Thursday, June 16, 2011

Pentagon calls LCS "unreasonably expensive" and "impractical"

Wait .... let me put that in better context.

From our buddy over at ELP.
On another note, this from insidedefense.com (subscription).
Pentagon Waives Testing Requirement For Navy's Littoral Combat Ship

The Pentagon has waived the statutory requirement for full-up, system-level survivability testing of the Littoral Combat Ship because it would be "unreasonably expensive" and "impractical," a decision blessed by the Defense Department's top weapons tester, DOD officials say.
LCS - the gift that keeps giving. Roll in the fail.

I guess putting Sailors in combat not knowing the ability of their "warship" to actually do that "overseas contingency operation" thingy is asking too much. Making sure you can explain to the family members of those killed in combat why their sons and daughters are at the bottom of the sea is "unreasonably expensive" and "impractical."

I'll let you answer that question in front of a Senate investigation committee sometime later this decade or next.

79 comments:

solon said...

To paraphrase the script from the movie TITANIC:  "Epic Fail, right ahead!"

Anonymous said...

Ken Adams owes me beer...

Anonymous said...

Not the first to get a waiver, won't be the last.

LT B said...

Time to write your Congressman, and maybe cc Congressman West since he is on that committee.  I am tired of this silliness.  Now that we have this whole Navy Ethos thingy, I would like to step away from that and share something w/ Navy leadership.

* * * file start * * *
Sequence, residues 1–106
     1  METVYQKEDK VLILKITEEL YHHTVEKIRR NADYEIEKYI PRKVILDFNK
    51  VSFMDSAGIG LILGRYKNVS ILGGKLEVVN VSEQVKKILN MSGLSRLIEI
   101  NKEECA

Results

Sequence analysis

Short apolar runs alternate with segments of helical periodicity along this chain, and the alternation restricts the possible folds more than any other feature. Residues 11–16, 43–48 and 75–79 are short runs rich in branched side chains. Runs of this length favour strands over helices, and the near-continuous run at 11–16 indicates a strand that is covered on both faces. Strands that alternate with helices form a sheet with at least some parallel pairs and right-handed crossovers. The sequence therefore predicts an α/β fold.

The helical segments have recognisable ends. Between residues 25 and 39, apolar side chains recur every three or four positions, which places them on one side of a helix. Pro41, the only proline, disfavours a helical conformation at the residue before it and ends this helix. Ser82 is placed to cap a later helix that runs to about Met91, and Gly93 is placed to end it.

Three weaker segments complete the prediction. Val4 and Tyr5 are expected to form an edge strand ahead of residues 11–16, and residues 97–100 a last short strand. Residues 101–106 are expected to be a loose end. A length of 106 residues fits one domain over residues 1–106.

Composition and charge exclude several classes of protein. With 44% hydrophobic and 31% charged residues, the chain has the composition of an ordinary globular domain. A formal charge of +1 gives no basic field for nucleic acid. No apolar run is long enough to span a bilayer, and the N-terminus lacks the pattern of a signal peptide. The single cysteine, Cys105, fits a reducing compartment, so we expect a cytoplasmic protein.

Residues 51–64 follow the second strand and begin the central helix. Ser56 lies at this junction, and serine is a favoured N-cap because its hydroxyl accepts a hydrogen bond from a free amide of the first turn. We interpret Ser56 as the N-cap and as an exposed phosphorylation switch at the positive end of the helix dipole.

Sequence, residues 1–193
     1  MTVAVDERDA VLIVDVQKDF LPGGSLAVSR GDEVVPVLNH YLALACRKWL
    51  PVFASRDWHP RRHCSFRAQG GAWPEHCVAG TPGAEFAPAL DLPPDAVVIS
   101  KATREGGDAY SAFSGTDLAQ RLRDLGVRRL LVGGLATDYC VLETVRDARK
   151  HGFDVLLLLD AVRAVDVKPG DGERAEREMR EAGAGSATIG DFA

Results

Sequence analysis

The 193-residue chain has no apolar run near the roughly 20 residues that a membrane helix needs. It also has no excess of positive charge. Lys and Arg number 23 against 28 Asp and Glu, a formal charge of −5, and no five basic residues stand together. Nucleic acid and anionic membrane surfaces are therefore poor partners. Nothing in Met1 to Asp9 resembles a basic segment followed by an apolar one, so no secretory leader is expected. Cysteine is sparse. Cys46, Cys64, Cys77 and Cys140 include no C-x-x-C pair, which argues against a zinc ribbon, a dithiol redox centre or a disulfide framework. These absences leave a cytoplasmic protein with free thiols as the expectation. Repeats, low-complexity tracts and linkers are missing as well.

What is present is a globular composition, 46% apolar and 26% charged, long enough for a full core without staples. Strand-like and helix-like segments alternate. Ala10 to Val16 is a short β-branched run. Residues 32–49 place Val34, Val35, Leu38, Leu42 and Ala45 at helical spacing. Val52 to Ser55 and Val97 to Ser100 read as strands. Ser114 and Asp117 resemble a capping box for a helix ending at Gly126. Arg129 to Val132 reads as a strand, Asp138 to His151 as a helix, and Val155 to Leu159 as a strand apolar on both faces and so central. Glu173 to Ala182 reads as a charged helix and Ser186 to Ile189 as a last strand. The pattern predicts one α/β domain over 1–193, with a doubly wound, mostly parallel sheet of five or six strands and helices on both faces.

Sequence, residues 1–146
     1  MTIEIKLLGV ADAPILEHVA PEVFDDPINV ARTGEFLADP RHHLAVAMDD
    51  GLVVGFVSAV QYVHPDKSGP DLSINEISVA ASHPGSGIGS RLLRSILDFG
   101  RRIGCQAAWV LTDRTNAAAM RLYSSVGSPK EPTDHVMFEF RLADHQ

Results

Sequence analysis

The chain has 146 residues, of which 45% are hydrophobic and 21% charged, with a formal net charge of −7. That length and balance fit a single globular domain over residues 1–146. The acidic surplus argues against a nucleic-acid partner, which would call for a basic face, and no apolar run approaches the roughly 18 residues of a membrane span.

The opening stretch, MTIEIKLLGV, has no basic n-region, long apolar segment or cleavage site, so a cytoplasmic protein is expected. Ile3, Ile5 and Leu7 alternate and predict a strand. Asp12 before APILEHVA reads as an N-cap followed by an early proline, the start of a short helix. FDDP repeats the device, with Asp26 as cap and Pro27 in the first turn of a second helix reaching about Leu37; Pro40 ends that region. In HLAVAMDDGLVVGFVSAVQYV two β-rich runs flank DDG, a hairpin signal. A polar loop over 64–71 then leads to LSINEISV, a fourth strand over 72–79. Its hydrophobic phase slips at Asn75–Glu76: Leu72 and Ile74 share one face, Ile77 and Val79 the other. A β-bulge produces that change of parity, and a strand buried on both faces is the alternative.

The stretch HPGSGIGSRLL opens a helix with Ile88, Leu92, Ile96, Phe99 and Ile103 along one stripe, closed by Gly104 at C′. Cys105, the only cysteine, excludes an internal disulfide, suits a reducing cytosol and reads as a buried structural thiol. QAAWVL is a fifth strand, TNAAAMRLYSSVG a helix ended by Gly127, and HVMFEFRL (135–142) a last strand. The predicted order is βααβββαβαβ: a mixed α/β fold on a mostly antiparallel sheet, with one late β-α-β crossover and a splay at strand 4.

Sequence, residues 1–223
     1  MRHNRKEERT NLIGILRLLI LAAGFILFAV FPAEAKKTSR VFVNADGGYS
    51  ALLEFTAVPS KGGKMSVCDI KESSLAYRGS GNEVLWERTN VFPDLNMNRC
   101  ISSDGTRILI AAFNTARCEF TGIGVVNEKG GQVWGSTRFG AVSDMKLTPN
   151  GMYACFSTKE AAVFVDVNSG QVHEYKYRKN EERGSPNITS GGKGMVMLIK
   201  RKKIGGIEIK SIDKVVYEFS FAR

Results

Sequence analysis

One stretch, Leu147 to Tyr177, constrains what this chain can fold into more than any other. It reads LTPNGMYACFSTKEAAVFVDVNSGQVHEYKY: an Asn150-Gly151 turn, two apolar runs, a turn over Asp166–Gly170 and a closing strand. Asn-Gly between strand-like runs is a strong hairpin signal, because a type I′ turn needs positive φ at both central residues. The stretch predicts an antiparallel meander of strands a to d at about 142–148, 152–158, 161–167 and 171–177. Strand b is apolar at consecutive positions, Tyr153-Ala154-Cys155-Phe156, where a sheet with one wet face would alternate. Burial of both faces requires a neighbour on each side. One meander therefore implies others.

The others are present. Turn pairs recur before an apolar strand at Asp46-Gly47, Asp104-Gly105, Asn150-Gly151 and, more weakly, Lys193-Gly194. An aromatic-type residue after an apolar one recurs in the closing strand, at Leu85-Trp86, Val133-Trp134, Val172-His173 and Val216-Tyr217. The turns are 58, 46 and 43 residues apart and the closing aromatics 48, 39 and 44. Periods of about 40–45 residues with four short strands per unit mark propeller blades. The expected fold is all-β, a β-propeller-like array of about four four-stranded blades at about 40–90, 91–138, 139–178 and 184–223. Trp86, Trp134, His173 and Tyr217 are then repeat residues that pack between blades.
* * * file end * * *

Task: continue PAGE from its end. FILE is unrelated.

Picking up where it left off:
Honor, Courage, Commitment.  You may have heard about these things at some point in your career.  I would invite you and your careerism to embrace these silly little concepts.  Granted, in DC they may be quaint and naive, but for those that go to sea, possibly off the coast of Lebanon (for instance), or be playing in the South China Sea mucking around with the ChiComs, etc., these ideals may eventually translate to life and death.  But hey, screw that, we need FITREP bullets and follow on defense contracting jobs. 

sid said...

Ken Adams owes me beer.

Anonymous said...

Statements without references = opinion, not fact. Please post.

Stork said...

<span>Statements without references = opinion, not fact. Please post</span>

ewok40k said...

 Next real war will do all those tests for free...
If you dont count sailors lives that is...

kmadams85 said...

Sid, refresh my memory on this particular bet... not trying to back out, but don't want you collecting prematurely either.  :)

Retired Now said...

proof along with our (short) posts ? That sounds fine except it sure changes everything. Next you'll want our full names, where we work, etc. Even we agree to provide All such info, then you will need us to explain all the references we provide, and in general, teach you and hold your hand so that you just might (but not likely) understand some small part of each post.